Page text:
In addition, you need to learn to support and control your air supply while moving. The exercise we used for that was to breathe in and out according to steps. So, say you are walking down the hall at school. Inhale a deep, full breath for 8 steps, then let it out in a steady blow for 8 steps. At the end of the exhale the goal is to have NO air left in the lungs. Repeat that until you can maintain a constant air flow across the entire 8 counts of the exhale (without tensing or closing off the throat). Then, do the same, but only inhale for 4 steps. Then 2. Then, finally, take a deep breath in 1 step and exhale for 8 with a steady and strong flow. Once you've mastered the 8 step exhale, do the same progression of breathing exercises with a 12 step exhale, and finally a 16 step exhale. If you're really good, you can do that while jogging (we used to run a mile a day taking timed breaths). The progression of breathing exercises can also be done while sitting or laying in bed at night (its a great way to relax -I still use it when I have trouble going to sleep).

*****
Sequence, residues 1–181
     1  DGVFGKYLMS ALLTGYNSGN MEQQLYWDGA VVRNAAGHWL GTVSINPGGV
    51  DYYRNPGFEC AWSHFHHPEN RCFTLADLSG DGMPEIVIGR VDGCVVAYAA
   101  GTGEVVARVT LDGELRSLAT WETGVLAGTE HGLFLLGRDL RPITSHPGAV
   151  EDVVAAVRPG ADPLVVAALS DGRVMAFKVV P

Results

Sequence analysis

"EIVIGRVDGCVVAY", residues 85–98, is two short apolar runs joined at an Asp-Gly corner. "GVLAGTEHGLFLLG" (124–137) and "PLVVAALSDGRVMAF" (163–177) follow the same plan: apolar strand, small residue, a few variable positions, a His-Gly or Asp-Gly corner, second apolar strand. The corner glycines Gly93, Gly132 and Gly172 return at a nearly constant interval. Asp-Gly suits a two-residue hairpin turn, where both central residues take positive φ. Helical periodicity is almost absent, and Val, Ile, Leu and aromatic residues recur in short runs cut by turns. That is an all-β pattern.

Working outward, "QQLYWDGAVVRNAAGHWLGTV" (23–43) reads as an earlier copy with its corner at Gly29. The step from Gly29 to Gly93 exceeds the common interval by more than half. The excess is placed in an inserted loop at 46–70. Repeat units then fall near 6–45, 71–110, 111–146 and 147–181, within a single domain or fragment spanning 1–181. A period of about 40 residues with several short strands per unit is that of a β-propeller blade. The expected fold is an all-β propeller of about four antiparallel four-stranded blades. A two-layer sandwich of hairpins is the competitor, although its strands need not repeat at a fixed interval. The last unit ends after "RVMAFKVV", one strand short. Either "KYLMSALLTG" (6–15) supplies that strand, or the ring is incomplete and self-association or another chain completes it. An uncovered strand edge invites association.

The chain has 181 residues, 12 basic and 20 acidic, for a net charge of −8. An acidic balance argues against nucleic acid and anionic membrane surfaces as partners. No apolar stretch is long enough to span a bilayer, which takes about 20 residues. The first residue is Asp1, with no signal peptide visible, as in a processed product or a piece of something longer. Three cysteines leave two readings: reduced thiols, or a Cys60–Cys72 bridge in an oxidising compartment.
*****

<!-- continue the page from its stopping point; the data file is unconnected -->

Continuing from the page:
I explained more details in the "Marching band woes" thread you can look at too.

    Good luck,

    Scatmanblues
     
  3. cmathis

    cmathis New Friend

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    Aug 19, 2010
    Well, I DO have a routine developed with breathing (Breathing Gym), mouthpiece buzzing (mainly slurs with keyboard accompaniment), Clarke, tonguing, stuff like that, but sticking to it is just hard for me. I lose interest when playing repetitive stuff like that for more than a few days. I guess I need to just get past myself and stick to it.

    This year, I'm going for Crown as my main corps, with Boston as my fallback. (Would you consider them a lower corps?) I know I more than likely won't make a lead spot, but I couldn't care less about that. I just want to march... badly.